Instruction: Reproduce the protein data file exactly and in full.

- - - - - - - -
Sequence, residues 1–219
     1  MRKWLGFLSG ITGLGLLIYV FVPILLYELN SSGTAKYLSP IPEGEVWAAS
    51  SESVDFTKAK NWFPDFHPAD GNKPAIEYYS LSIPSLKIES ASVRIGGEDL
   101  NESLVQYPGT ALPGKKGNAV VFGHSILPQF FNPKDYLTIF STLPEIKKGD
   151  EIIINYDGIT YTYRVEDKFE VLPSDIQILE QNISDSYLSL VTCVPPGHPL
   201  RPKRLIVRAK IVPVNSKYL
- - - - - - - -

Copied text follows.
Sequence, residues 1–219
     1  MRKWLGFLSG ITGLGLLIYV FVPILLYELN SSGTAKYLSP IPEGEVWAAS
    51  SESVDFTKAK NWFPDFHPAD GNKPAIEYYS LSIPSLKIES ASVRIGGEDL
   101  NESLVQYPGT ALPGKKGNAV VFGHSILPQF FNPKDYLTIF STLPEIKKGD
   151  EIIINYDGIT YTYRVEDKFE VLPSDIQILE QNISDSYLSL VTCVPPGHPL
   201  RPKRLIVRAK IVPVNSKYL